Court Ruling Threatens Real Estate Lending

A recent state Supreme Court ruling could potentially spell disaster for real estate lending in Alabama. In late September, the Court ruled that a future-advance mortgage does not create a mortgage lien until some indebtedness is incurred under the mortgage, rather than when the mortgage is executed.  Upending traditional notions of lien priority, the Court determined that a construction company’s materialman’s lien had priority over a future-advance mortgage because while the mortgage was executed prior to the commencement of the construction work, the first advance on the mortgage occurred after the construction work had been completed.  In a friend-of-the-Court brief filed on Oct. 19, the Alabama Bankers Association asked the Court to rehear the case, arguing not only that mortgages are created when they are executed even if no funds are advanced at the time of execution but also that Alabama statutes grant lien priority to mortgages created before the commencement of work by mechanics or materialmen. In addition, the association’s brief outlines the negative impact the Court’s ruling would have on (1) financing options where no funds are advanced at closing, such as future-advance, open-end, and revolving loans; (2) Letters of Credit; (3) the ability of lenders and title insurers to use probate records to verify prior liens on property; and (4) the “safety and soundness” concerns overseen by state and federal financial services regulators.  The association was joined on the brief by the League of Southeastern Credit Unions, the Mortgage Bankers Association of Alabama, the Alabama Credit Union Coalition, and the Alabama Land Title Association. It is unknown whether the Court will choose to rehear the case and, assuming it does, whether it will choose to alter its decision from September.  But rest assured that the Association is monitoring and researching all judicial and legislative avenues that can be used to solve this potentially troublesome situation.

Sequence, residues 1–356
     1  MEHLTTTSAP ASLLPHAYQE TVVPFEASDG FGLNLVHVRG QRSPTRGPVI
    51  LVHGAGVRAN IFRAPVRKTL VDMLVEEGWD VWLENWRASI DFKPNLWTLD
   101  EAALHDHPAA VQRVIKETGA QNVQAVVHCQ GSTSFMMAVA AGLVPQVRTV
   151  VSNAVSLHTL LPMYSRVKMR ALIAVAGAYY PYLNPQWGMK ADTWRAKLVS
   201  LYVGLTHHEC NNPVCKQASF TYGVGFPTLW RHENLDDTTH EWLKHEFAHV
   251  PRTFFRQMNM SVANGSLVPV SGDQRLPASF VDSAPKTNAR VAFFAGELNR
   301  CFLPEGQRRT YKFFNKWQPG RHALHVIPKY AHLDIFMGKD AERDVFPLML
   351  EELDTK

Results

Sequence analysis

Questions?  Contact ABA’s Vice President of Legal and Governmental Affairs Jason Isbell at